Validation involves the question “Are we constructing the correct entity?” while verification focuses on “Are we constructing the entity correctly?” In the context of Iterative Development, validation seamlessly integrates with the collaborative design process of the solution, facilitated by direct participation from roles like Business Ambassadors and Business Advisors. As such, it becomes an inherent aspect and doesn’t necessitate a distinct endeavour. Nevertheless, explicit consideration is essential for verification activities, ensuring their seamless integration into the Iterative Development cycle. The specifics of how this integration is accomplished form part of the development approach and should be detailed within the Development Approach Definition, when appropriate.

Once the methodology for quality verification has been established, action is taken to guarantee the effective and efficient execution of verification. The individual responsible for producing the product naturally conducts their own assessments as a fundamental part of the development process. Concurrently, a distinct individual (typically the Solution Tester) readies themselves for the autonomous verification task. This preparatory phase can be as time-intensive as the actual product creation, and in some cases, even more so.

You can learn more about how to validate in our complete guide to validating your SaaS product here.

Static and Dynamic Verification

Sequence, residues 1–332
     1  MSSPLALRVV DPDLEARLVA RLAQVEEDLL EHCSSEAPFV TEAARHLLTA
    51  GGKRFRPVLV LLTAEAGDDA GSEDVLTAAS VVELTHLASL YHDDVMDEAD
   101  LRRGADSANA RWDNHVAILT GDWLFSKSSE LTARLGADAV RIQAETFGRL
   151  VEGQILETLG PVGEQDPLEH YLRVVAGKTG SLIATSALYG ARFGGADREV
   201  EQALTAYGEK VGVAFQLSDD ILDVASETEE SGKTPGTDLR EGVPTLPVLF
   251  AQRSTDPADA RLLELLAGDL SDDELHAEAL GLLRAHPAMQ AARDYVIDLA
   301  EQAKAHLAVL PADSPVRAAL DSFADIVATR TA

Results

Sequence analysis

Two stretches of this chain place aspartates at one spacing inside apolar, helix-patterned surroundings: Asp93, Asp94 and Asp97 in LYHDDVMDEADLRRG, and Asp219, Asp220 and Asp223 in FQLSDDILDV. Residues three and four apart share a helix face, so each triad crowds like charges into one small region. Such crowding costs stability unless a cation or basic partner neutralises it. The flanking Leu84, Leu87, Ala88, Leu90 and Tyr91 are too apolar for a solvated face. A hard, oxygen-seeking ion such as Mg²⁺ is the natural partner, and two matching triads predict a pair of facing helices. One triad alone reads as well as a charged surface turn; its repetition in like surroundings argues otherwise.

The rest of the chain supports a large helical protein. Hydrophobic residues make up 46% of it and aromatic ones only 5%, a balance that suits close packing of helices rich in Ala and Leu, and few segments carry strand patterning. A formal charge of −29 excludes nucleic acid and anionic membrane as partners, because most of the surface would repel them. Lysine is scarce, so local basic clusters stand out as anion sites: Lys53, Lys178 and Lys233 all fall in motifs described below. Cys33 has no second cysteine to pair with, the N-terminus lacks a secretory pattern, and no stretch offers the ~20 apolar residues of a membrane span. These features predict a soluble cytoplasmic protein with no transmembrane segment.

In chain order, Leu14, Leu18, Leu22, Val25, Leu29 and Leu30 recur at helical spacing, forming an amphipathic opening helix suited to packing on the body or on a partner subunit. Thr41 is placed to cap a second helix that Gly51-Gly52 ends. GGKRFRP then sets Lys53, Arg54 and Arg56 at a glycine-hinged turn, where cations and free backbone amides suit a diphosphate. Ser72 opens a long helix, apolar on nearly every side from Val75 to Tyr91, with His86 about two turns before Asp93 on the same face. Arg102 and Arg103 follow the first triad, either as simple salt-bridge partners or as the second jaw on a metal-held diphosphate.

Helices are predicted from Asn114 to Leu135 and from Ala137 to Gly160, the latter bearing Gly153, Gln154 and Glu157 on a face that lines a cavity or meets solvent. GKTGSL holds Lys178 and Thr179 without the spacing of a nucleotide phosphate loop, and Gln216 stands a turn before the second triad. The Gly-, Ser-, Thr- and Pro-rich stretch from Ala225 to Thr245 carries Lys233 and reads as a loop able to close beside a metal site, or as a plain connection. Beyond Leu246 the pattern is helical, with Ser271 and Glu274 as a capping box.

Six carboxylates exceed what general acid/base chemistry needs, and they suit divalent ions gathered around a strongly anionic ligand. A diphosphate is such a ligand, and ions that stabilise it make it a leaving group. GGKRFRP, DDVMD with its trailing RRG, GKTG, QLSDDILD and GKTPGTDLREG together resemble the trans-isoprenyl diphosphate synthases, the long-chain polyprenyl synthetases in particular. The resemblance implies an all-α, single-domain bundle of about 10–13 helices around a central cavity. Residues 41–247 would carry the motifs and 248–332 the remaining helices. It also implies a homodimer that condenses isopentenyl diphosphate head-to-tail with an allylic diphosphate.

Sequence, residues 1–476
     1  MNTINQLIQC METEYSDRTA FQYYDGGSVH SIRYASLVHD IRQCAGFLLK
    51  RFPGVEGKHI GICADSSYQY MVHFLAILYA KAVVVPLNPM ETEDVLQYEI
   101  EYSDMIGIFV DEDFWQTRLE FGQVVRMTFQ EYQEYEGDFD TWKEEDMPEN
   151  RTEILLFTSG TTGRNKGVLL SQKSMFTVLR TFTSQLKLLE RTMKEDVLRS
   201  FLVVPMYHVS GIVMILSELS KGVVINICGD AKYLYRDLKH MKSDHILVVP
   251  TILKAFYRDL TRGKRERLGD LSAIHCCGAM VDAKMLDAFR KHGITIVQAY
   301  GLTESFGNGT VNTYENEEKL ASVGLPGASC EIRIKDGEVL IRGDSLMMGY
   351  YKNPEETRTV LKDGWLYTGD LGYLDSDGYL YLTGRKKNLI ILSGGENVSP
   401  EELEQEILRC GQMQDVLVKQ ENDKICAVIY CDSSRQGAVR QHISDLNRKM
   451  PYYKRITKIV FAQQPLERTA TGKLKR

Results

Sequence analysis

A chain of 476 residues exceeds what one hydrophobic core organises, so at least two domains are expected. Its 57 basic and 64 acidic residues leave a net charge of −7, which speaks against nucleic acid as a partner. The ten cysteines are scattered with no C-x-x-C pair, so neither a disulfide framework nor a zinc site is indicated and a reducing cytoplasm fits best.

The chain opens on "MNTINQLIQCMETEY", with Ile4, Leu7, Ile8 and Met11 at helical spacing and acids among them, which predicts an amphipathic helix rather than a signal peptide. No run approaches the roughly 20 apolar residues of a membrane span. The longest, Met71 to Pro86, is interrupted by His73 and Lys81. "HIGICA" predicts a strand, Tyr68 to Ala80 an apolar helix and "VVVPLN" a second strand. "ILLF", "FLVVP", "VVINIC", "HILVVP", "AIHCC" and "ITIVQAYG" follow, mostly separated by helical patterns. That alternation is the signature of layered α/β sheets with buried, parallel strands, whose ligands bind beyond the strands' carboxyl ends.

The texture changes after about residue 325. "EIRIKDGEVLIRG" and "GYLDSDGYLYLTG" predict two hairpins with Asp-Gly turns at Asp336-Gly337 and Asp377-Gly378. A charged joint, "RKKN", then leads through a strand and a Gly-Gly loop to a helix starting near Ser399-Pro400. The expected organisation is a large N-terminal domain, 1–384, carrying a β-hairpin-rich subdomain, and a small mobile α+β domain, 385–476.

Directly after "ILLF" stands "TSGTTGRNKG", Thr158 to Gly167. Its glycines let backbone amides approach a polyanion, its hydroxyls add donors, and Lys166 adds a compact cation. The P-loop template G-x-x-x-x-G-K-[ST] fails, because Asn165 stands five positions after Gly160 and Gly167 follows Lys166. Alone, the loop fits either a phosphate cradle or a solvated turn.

Verification can be categorised into two overarching types: static and dynamic. Static verification involves scrutinising a deliverable against its established acceptance criteria or agreed-upon best practices. The merit of this form of verification lies in its observational nature, ensuring it doesn’t pose any risk to the product under examination. On the other hand, dynamic verification involves actively assessing an item, commonly referred to as testing. In the domain of dynamic verification, three primary categories of tests hold significance:

  • Positive tests: These tests validate that a deliverable functions as intended. For instance, when you add an item to an online shopping cart, the expected outcome is the appearance of the item in the cart.
  • Negative tests: These tests confirm that a deliverable refrains from performing actions it shouldn’t. An example would be attempting to open a padlock using an incorrect key; the padlock should remain locked.
  • Unhappy path tests: These tests explore the behaviour of a deliverable in response to uncommon or undefined circumstances. For instance, how does a car engine respond when it overheats? And is this behaviour acceptable?

Drawing from these test categories, with thoughtful consideration, it’s usually feasible to formulate numerous positive, negative, and unhappy path tests for each acceptance criterion. Each test generally encompasses the following elements: